Scotland has said no to independence – with 55% voting in the independence referendum to remain in the United Kingdom.
Two years in the making, with both Scottish National Party leader Alex Salmond and his opponents in London campaigning hard, the Scots have had their say on where the future of the country will lie.
Despite major city Glasgow voting ‘yes’ along with North Lanarkshire, West Dumbartonshire and Dundee City, the ‘no’ vote soon edged the majority with a ten per cent difference.
There have, however, been promises of more devolutionary powers from Westminster, promised by the Better Together leader Alistair Darling and Prime Minister David Cameron.
But with independence now on the backburner, the union could still be changed forever by Scotland’s bid for freedom – even if not quite how Salmond envisioned.
Are you glad that Scotland stayed in the union?
SHINING LIGHT: Democracy was the winner for Stephen Lindley
Stephen Lindley, 45, an art director from Macclesfield, said: “Especially with the pressure in the last few days, I’d say democracy really shone through. I think this has done Salmond a lot of favours and given the likes of Gordon Brown a bit of a resurgence.”
Enette Gebaur, 51, originally from Perth, Australia, said: “I think it was a fair campaign in the last week or so especially.
“The politicians from Westminster when it came to the crunch looked good, spoke well and I think that’s what helped the decision.”
Paul Abbott, 31, a technician from Dundee, believes that all the UK will see is broken promises, rather than a fairer society.
He said: “I think the Better Together campaign misconstrued information and I don’t think people were informed to make the right decision.
“I would have liked to have seen the ‘yes’ vote, I don’t think the Scottish people will get these extra powers.”
NATIONWIDE LESSON: David Earnshaw insists that the vote is good for England
David Earnshaw, 43, from Chorlton, however, insists it is right MPs are saying we should think about the UK as a whole – and not just Scotland.
He said: “I was hoping for a yes, but I don’t think it’s good for England.
“I can see why people would want an independent Scotland but with the information available, it would have been hard to vote that way.”
David also called for fairness across the UK on issues like tuition fees.
TOP OF THE WORLD: Garth Cooper believes the referendum has promoted Scotland globally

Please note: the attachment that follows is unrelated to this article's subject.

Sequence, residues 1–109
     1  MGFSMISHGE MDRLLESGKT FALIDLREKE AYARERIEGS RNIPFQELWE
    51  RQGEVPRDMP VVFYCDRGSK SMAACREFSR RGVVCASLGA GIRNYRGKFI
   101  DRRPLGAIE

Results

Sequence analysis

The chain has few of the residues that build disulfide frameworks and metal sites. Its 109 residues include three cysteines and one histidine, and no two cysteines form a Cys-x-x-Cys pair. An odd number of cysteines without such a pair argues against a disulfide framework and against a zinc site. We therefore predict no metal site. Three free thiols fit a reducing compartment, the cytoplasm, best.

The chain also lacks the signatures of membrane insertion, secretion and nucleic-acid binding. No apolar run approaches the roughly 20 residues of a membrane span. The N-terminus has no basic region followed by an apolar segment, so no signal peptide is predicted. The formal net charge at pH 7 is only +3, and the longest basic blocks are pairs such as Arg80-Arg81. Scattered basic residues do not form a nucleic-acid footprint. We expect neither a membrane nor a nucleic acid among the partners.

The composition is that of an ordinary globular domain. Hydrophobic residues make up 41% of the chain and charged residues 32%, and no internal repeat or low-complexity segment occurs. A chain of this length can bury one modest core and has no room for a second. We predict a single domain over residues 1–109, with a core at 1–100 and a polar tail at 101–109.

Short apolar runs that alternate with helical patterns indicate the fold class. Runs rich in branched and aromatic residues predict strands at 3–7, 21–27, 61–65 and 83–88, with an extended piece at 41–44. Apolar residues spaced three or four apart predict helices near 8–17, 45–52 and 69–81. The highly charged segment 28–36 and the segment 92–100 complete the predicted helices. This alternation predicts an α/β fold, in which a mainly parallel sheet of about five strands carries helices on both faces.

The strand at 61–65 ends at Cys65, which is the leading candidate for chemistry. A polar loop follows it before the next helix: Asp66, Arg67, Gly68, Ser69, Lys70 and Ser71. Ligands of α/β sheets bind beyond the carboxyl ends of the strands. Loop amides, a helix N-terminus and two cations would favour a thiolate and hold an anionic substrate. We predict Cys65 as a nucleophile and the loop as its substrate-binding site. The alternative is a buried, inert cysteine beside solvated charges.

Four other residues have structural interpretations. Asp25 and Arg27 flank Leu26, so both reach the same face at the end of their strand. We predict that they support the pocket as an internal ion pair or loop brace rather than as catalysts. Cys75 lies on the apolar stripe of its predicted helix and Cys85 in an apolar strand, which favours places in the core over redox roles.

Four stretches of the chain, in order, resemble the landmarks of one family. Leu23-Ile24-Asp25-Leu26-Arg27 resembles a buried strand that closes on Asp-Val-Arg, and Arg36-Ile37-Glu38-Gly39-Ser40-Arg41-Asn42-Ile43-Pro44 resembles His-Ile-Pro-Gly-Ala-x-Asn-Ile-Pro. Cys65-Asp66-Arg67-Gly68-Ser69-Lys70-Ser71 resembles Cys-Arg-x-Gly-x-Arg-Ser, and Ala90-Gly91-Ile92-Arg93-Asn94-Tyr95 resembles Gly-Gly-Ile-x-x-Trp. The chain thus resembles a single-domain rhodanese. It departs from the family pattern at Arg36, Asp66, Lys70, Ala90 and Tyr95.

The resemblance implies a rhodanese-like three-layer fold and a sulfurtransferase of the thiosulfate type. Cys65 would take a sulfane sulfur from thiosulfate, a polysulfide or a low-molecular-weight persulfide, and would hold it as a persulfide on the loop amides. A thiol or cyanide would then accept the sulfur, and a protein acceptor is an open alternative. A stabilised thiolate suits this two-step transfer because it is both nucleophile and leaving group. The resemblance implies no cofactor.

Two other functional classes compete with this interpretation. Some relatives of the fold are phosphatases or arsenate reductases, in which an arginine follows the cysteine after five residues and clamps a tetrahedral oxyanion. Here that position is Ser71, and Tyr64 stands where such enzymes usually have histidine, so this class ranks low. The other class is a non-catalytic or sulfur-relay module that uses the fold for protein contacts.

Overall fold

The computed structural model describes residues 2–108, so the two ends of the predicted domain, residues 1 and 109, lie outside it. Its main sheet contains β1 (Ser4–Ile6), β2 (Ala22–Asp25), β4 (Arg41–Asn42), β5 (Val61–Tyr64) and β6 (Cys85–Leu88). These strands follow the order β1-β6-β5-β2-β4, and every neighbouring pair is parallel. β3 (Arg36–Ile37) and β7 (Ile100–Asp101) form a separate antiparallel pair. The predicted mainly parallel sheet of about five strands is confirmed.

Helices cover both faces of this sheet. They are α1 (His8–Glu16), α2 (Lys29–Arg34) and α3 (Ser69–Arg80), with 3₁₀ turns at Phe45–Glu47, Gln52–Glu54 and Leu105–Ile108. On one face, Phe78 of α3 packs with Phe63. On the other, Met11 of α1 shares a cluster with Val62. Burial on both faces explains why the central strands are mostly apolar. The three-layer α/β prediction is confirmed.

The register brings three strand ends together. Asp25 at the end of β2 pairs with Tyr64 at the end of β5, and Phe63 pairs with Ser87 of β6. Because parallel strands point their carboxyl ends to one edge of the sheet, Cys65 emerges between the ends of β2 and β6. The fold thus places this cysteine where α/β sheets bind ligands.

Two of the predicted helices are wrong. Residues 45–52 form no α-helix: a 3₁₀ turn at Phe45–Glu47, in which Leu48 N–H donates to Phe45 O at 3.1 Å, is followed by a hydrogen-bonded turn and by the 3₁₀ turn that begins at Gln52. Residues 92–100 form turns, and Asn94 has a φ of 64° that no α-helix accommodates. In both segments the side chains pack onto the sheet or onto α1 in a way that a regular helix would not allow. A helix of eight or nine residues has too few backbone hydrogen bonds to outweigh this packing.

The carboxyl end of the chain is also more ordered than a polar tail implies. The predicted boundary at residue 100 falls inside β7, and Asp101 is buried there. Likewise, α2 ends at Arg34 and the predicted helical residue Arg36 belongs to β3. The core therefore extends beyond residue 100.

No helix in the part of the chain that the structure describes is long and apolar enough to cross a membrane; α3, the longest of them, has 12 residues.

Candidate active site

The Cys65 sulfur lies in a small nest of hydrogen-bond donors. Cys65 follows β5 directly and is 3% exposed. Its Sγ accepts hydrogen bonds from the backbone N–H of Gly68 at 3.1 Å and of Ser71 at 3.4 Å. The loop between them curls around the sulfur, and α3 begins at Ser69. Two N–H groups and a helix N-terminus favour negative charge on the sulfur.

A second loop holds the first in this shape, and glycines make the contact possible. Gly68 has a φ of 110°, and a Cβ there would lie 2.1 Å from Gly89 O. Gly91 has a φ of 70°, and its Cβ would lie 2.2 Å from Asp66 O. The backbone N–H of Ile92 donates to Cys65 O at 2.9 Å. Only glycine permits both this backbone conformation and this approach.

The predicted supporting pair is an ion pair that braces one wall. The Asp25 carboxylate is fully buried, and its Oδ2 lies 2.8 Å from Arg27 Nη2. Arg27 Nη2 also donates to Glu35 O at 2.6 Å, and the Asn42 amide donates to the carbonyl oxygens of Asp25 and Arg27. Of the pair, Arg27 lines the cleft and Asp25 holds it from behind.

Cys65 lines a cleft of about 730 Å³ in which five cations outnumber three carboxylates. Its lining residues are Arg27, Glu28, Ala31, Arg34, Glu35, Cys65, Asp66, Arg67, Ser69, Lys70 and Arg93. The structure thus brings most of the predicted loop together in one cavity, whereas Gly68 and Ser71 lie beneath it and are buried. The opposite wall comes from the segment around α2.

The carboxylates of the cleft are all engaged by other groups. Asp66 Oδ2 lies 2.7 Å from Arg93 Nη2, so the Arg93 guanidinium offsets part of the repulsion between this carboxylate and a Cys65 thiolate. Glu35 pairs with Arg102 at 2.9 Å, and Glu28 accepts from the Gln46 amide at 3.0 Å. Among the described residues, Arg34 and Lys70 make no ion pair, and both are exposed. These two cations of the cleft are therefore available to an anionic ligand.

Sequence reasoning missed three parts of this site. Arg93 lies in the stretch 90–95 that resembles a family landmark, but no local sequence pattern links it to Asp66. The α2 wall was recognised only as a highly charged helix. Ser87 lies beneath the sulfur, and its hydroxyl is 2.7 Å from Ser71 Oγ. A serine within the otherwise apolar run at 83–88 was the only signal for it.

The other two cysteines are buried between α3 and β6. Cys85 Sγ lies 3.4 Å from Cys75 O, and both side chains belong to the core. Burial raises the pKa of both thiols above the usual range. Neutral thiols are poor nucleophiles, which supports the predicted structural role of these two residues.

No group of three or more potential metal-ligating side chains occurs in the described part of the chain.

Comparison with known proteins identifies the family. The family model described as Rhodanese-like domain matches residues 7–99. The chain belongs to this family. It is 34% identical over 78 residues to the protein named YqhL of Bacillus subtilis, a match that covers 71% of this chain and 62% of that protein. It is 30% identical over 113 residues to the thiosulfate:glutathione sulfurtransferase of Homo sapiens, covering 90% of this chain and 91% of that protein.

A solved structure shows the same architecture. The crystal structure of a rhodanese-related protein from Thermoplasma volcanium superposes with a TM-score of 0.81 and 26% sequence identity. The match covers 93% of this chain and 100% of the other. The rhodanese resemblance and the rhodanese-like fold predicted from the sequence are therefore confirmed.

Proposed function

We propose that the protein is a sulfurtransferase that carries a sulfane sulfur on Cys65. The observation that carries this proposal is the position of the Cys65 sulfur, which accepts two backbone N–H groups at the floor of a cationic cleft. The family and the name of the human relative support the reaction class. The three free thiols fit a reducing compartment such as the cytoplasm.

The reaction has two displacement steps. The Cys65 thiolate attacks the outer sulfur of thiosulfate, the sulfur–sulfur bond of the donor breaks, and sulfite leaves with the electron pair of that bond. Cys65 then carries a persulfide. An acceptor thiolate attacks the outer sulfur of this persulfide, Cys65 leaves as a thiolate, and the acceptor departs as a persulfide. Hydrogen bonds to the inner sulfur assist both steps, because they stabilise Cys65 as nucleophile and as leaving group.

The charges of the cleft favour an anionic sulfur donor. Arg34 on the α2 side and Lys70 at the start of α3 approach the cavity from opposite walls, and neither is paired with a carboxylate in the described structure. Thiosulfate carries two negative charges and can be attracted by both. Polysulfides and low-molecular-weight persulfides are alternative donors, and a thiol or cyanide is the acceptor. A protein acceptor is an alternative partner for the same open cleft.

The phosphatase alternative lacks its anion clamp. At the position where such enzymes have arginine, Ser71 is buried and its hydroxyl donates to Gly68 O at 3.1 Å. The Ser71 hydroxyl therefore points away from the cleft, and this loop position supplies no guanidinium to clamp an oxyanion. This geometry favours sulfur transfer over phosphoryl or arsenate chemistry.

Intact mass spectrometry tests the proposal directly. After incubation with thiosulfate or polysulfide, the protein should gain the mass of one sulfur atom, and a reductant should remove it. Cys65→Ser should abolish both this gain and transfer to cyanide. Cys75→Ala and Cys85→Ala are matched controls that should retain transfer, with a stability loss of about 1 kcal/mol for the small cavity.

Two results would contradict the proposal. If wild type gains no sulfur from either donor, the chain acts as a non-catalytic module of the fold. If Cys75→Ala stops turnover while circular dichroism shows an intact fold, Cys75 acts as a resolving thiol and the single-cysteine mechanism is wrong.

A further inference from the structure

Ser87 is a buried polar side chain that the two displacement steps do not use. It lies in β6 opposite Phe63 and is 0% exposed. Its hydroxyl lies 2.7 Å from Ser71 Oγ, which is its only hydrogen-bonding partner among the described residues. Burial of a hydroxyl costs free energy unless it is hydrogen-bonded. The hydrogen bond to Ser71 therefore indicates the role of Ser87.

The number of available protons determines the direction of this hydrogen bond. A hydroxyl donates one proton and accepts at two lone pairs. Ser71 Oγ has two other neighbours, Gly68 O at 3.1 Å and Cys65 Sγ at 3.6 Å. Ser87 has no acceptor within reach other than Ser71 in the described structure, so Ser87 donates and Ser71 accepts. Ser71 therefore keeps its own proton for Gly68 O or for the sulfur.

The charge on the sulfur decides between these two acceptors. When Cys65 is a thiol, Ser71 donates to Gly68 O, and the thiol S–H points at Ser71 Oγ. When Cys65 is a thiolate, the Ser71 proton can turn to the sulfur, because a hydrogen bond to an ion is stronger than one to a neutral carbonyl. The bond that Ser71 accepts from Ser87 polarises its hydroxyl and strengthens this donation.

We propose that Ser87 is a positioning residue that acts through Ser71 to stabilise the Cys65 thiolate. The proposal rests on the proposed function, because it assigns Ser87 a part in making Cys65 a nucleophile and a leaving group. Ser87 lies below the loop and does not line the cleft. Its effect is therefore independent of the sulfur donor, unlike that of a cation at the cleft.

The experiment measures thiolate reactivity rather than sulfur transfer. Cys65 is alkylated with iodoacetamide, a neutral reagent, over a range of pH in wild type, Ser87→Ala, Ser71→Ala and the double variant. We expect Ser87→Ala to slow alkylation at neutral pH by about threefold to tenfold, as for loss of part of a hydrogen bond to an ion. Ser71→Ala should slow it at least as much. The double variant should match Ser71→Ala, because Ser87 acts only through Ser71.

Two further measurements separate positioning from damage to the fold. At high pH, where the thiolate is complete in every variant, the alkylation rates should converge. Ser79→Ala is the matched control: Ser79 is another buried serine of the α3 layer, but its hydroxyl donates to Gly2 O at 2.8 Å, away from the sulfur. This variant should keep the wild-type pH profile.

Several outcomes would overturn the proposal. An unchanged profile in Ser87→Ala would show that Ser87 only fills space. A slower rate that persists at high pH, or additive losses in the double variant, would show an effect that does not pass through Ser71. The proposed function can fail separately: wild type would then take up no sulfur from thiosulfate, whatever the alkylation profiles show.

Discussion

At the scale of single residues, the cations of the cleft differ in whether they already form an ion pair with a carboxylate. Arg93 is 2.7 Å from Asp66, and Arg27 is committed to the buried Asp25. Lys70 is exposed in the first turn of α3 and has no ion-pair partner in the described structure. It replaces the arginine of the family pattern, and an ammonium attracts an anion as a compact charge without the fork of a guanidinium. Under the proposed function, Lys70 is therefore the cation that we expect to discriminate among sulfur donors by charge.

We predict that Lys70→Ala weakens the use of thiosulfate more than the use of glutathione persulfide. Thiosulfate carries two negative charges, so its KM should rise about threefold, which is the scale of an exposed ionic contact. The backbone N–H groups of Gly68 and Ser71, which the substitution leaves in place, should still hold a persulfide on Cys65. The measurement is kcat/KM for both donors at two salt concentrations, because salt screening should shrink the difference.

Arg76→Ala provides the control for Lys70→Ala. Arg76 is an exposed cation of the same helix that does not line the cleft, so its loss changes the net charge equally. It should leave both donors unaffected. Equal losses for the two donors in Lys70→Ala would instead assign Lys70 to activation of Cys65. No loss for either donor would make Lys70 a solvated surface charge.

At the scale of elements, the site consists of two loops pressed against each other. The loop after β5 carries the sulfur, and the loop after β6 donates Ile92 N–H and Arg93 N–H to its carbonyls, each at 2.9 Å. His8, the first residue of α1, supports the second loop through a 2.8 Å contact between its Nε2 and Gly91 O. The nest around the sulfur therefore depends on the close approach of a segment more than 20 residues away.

Garth Cooper, 63, who works for the Manchester Royal Infirmary, believes there are those who have come out of this well and helped deliver the right vote.
He said: “I think the media representation has showed a good example to the modern world of how these events should be presented, fairly but with public interest. As for politicians, in particular I’d say Gordon Brown’s leadership held well.”
Edward Harris, a City banker, 47, from Bury, has a contrasting opinion.
He said: “It was all a bit for the cameras to be honest.
“For me, in any election or opportunity to come out good, the MPs will say what they want to get your vote.
“I don’t know yet if Scotland should have gone it alone but we will soon see!”
Polly Morgan, 23, a student from Rusholme, has seen a change in her own beliefs since interacting with those she knows from Scotland.
She said: “Scotland has had so much attention I just hope it will serve them justice and all what’s been promised will not just be swept under the carpet. I have flat mates who come from across the border so actually this has all opened a whole new world to me.”
Alistair Brown, 30, a barman from Moss Side, said, however, he is more interested with England’s future than Scottish affairs.
He said: “I’m more concerned as to what the decision means for England, as I believe do a few in Parliament are too, like Nigel Farage.
“Does this now mean fees and rent will be evenly spread? They weren’t before.”
PARTY SYME: Scottish couple David and Lesley saw no point in splitting
David Syme and Lesley Syme, both 59, from Clyn, Perthsire are over in Manchester visiting friends, and were firmly in the ‘no’ camp.
“I’m very happy, I see no point in needlessly splitting us apart, it would be stupid to split up all that history. ‘No’ was the right vote,” said Mrs Syme.
Her husband added said: “For me, it will make no difference, I could be wrong but I have seen it all before from Westminster.”
Image courtesy of slimmer_jimmer with thanks